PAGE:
Washington, DC U.S. Forest Service Southern Research Station (SRS) Fisheries Research Biologist Wendell Haag, Ph.D., received the Presidential Early Career Award for Scientists and Engineers during a ceremony today at the White House. Haag was among the nearly 70 scientists and engineers receiving the award, which is the highest honor that a young scientist or engineer can receive in the United States.
The Presidential Early Career Award for Scientists and Engineers, established in 1996, honors the most promising young researchers in the Nation within the fields of science and technology. Federal departments and agencies annually nominate scientists and engineers early in their careers whose work shows the greatest promise to benefit the nominating agency's mission. Participating agencies award these scientists and engineers up to five years of funding to further their research in support of critical government missions. Haag will receive a total of $125,000 in research funds over a five-year period.
Haag's research is focused on understanding the poorly known biology of freshwater mussels and using this information to develop effective conservation strategies. The southeastern United States supports the most diverse mussel fauna on Earth and, because they are filter feeders, these animals play a crucial role in maintaining high water quality in rivers and lakes. Unfortunately, mussels are disappearing rapidly, threatening the integrity of freshwater ecosystems.
Haag has made important contributions to several aspects of mussel biology and conservation. His research has been central in revealing the fascinating life histories of mussels. Because their larvae must spend a brief period of time as parasites on the gills of fishes, mussels have developed strategies to attract host fishes and infect them with larvae. These strategies include displaying elaborate lures that closely mimic minnows, crayfish, and other prey items of host fishes. Fishes are tricked into attacking these lures and receive a mouthful of mussel larvae instead of a meal; however, larvae rarely harm the host fish.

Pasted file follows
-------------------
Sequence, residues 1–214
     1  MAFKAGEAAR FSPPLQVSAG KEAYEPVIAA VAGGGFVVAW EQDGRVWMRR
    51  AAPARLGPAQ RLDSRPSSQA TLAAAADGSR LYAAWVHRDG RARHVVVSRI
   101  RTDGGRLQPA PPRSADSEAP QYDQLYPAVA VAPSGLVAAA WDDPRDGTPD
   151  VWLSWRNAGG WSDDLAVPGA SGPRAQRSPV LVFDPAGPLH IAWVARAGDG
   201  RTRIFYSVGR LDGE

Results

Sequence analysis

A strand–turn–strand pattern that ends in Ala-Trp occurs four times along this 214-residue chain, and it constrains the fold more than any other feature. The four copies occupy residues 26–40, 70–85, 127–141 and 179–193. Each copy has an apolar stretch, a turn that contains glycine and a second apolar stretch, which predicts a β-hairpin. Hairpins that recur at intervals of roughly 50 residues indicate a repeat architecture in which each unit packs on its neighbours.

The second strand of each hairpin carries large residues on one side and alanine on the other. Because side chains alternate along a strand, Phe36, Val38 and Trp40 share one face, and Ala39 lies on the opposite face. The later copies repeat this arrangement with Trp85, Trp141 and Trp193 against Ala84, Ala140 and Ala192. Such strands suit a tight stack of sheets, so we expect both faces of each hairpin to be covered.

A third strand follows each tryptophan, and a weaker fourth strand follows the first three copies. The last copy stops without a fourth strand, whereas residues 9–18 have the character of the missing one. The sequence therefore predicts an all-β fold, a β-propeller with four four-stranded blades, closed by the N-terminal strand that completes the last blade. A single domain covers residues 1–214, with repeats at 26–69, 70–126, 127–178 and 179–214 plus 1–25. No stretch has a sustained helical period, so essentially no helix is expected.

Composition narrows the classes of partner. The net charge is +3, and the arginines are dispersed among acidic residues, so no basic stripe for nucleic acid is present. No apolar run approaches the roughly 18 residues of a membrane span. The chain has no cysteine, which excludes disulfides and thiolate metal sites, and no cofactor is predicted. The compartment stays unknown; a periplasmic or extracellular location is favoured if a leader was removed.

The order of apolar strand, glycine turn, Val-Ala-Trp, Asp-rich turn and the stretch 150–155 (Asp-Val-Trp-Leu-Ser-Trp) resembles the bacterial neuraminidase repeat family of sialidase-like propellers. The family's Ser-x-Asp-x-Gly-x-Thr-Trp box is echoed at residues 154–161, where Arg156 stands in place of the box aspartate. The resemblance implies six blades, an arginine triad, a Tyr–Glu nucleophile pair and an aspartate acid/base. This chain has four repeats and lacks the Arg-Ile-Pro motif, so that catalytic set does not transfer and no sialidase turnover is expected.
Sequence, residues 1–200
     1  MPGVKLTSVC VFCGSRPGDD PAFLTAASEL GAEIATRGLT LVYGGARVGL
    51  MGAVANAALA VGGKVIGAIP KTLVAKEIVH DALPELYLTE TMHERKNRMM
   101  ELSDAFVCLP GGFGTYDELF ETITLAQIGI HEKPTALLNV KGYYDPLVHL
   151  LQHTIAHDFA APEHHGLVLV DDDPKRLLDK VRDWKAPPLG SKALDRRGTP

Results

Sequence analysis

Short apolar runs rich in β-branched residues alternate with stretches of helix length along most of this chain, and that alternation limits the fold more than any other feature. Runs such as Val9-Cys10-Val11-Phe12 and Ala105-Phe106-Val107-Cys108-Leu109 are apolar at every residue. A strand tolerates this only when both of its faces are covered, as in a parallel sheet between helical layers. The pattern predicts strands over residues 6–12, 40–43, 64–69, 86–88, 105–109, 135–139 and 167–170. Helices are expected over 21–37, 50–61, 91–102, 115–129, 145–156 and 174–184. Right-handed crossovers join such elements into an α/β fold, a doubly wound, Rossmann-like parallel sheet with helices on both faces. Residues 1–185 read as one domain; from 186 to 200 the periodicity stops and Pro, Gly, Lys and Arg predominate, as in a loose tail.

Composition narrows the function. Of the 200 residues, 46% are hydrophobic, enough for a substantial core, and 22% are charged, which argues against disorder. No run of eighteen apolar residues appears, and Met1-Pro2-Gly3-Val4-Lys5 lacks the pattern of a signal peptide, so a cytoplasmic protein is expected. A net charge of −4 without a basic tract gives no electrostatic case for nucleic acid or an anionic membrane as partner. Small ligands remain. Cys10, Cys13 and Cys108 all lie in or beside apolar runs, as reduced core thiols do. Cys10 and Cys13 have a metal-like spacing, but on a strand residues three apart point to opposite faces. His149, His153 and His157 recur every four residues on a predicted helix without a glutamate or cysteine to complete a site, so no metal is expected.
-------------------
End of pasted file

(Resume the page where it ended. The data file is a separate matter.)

Haag also led a 10-year effort to monitor rates of survival, growth, and reproduction in several healthy mussel populations. Researchers are using data from this project to build demographic models that predict future trends in mussel populations, similar to methods used in predicting changes in human populations.
Finally, Haag conducted important research on the production of growth rings in mussel shells. Like trees, mussels produce annual rings in their shells as they grow. Because some mussel species live for more than 50 years, these rings provide a wealth of information not only about the growth of the animals, but about changes in the aquatic environment over long time periods. The Forest Service scientist has published research findings in a wide array of books and international scientific journals, and his work has been highlighted in popular science magazines in the United States, Great Britain, and Denmark.
Haag is based at the SRS Center for Bottomland Hardwoods Research work unit in Oxford, MS. Haag received his Ph.D. in biology from the University of Mississippi in 2002, his master's degree in zoology from The Ohio State University in 1991, and his bachelor's degree in biology from Eastern Kentucky University in 1988. He is a native of Lexington, KY.
|Contact: Stevin Westcott|
Southern Research Station - USDA Forest Service